Slow Food 

I began seeing the image of a snail on restaurants with the words Slow Food when we moved to Europe. It intrigued me, so I Googled it. The Slow Food Movement began in Italy in the ‘80s as a way of saying no to the rise of fast food and fast life. It’s a grassroots movement that encourages living an unhurried life. They believe that simple pleasures begin at the table. 

I agree. After living in Vienna, Austria, for seven years, I eat out at a much slower pace. While some people might criticize the wait staff for not being prompt when bringing the bill, there is something quite nice about not being rushed through a meal. You are left alone and given privacy. They are not trying to turn the tables. You are given time and space to enjoy your meal and your company. 

Slow Down 

There’s also something special about eating a meal that’s been made from scratch, with quality ingredients, maybe even ones that were grown in your backyard or from a local farm.  

Heat the pan, then add the oil. Once that’s hot, add your diced onions. Let them sweat and begin to caramelize. Only then add minced garlic or it will burn. And now you add the ingredients for whatever you want to cook  soup, fried rice, spicy curry.  

Invite people to join you. Prepare the table. Welcome them into your home. Practice hospitality. Enjoy conversation and a meal. Ask questions. Really get to know someone. This is a sacrifice of time but one that encourages an interconnectedness with others.  

Slowing down can feel disruptive. Learning to drive a manual car involves much jerking. Normally when we envision shifting gears it’s to go faster. Downshifting is what many of us need.  

Writing Scripture 

Some people begin their year with a promise to read through the entire Bible. An overview of the story of Scripture is one way to understand God’s thread of redemption. 

But what about slowing down with Scripture? What if we let God’s word marinate?  

Marinades soak in for hours, even days. The flavor doesn’t remain only on the outside. It actually tenderizes the middle as well, changing the structure of the meat. It softens the connective tissue. It also prepares the meat to retain its moistness when cooked later.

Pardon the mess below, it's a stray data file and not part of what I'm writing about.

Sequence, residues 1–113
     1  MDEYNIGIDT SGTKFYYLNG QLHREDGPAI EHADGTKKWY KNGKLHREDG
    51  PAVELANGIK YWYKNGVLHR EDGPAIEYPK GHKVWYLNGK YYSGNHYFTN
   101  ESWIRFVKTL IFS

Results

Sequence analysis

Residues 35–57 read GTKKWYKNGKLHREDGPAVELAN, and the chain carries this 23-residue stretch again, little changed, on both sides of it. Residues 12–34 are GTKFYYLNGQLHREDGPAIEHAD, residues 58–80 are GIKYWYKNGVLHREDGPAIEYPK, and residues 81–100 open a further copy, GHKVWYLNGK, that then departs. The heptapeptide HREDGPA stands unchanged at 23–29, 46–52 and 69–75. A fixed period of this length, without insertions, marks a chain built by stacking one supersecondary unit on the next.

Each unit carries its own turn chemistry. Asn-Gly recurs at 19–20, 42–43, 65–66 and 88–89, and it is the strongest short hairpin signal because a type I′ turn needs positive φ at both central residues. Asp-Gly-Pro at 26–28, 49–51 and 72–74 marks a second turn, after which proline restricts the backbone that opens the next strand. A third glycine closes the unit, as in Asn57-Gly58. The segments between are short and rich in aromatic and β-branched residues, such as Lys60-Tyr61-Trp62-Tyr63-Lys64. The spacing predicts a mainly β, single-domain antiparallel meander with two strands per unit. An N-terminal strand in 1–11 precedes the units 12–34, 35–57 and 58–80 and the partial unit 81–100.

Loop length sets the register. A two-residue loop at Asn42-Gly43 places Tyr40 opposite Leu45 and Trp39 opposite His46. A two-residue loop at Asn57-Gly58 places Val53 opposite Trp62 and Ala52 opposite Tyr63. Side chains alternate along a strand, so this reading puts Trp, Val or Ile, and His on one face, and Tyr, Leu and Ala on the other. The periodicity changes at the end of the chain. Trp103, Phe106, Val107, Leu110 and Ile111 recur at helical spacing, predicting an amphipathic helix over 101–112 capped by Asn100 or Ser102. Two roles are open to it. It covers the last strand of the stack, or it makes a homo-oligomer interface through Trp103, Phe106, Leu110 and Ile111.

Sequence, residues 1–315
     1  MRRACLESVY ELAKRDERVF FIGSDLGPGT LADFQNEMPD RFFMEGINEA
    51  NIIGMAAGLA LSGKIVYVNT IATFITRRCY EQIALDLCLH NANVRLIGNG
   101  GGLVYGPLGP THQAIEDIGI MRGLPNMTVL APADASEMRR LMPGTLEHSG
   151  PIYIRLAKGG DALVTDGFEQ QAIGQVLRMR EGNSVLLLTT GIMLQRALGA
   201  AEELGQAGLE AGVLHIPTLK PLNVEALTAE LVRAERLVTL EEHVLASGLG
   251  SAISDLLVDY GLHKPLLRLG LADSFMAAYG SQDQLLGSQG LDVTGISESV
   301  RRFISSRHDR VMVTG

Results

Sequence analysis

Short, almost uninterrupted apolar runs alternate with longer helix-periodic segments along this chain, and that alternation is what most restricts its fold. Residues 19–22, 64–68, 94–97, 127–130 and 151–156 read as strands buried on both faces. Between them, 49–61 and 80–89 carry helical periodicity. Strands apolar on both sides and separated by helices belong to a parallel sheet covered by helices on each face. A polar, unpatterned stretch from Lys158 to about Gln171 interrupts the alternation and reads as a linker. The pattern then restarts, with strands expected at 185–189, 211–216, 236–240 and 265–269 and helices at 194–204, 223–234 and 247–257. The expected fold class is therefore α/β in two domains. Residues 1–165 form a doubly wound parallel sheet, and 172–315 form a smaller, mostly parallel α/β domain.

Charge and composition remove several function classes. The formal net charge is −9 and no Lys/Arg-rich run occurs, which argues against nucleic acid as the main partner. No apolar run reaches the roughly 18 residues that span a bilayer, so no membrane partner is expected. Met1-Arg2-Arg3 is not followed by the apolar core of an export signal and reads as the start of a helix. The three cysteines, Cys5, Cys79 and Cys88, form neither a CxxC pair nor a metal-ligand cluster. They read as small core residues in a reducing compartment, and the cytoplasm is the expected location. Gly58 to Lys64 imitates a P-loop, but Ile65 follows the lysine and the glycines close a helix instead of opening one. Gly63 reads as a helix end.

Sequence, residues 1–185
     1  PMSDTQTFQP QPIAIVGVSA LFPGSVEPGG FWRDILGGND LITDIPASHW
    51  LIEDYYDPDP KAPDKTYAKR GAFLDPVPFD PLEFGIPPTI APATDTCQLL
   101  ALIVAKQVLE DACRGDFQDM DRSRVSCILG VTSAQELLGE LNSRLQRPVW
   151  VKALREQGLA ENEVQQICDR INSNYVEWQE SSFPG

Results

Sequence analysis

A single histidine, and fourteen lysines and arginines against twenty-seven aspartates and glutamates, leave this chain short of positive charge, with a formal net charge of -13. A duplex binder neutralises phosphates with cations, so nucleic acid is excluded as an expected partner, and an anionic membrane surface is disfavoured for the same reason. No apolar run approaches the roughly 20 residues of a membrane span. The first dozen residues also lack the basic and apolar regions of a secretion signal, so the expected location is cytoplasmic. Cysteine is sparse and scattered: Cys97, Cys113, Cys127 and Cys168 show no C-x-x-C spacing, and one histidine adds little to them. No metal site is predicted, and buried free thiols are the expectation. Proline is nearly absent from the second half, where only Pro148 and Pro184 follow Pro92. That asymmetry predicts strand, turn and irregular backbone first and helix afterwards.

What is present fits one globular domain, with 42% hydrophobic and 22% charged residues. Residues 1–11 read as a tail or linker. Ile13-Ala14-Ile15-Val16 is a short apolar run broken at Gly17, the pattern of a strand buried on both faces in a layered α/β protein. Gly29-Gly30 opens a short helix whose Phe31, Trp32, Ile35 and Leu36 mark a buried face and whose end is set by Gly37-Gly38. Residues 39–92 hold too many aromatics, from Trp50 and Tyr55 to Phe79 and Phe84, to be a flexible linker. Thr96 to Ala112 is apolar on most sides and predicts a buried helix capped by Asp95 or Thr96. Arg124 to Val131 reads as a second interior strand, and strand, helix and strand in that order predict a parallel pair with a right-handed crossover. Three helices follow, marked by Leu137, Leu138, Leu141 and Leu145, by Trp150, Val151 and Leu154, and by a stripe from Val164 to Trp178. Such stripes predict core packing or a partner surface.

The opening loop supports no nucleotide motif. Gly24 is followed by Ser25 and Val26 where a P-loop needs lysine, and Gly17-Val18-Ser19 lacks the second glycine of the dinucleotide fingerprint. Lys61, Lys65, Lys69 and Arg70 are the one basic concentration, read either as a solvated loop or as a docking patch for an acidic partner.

I began writing Scripture a few years ago as a way to interact with the Bible in a new way. It lent itself well to meditation. I wasn’t trying to consume the Bible quickly or gain more content and knowledge. 

I should probably reassure my readers that I am not claiming to write inspired words of God. Here’s the process. Get yourself a journal and a pen. Choose a section of Scripture. I started with the book of James. Then act like a scribe, copying over the text to your journal a verse or two every day. Your thoughts will likely be all over the place, but be kind to yourself. If you feel your mind wandering, just notice it and remind yourself to focus on what you’re writing. Ask God to help you to listen to his Word in a new way. 

Your brain begins to think about what you’re writing. Neuroscience explains that handwritten notes are remembered better than typed ones because of this phenomena. Typing lecture notes may seem like an efficient mode of capturing what is spoken, but research shows that content recollection is improved by putting pen to paper. 

Slow Scripture 

I remember coming to a halt when I wrote down James 3:17. This rich description shows eight facets of wisdom: 

But the wisdom from above is first of all pure. It is also peace loving, gentle at all times, and willing to yield to others. It is full of mercy and the fruit of good deeds. It shows no favoritism and is always sincere (James 3:17 NLT). 

When it comes to lists in Scripture, it’s easy to run through them. But by writing every single word, certain ones will jump out at you. Mercy shouted at me and stopped me in my tracks. I hadn’t connected wisdom to being full of mercy before. Mercy became a key for me in how I approached relationships. I knew that God offered me mercy in his loving kindness. But I was confronted with my need to offer mercy to people in my life.  

When Scripture marks us on the inside, our character is changed. We are tenderized, ready for the heat that inevitably comes in life. Let’s start a Slow Scripture Movement. 

Dina Horne

Dina Horne is an ordained Wesleyan pastor and is currently the site developer for NEXT, Global Partners’ mentored cross cultural immersion experience for young adults. She and her husband, Dave, live in Europe. During her first term in Europe, she led the establishment of a team reaching out to Muslim immigrants and refugees.

Horne likes to cook all the food and have everyone over for dinner. (And then Dave does the dishes — bless him). Living overseas has kept her curiosity about all things well fed. Some of her recent Google searches include “Okra recipes,” “Hikes in the Woods” and “Knitting German short rows.”